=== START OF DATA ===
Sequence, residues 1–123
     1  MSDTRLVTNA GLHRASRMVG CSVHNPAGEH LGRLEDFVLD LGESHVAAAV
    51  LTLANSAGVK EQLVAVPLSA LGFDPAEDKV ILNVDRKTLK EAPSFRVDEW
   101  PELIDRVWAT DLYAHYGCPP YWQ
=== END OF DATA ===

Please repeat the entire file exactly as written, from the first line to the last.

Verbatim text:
Sequence, residues 1–123
     1  MSDTRLVTNA GLHRASRMVG CSVHNPAGEH LGRLEDFVLD LGESHVAAAV
    51  LTLANSAGVK EQLVAVPLSA LGFDPAEDKV ILNVDRKTLK EAPSFRVDEW
   101  PELIDRVWAT DLYAHYGCPP YWQ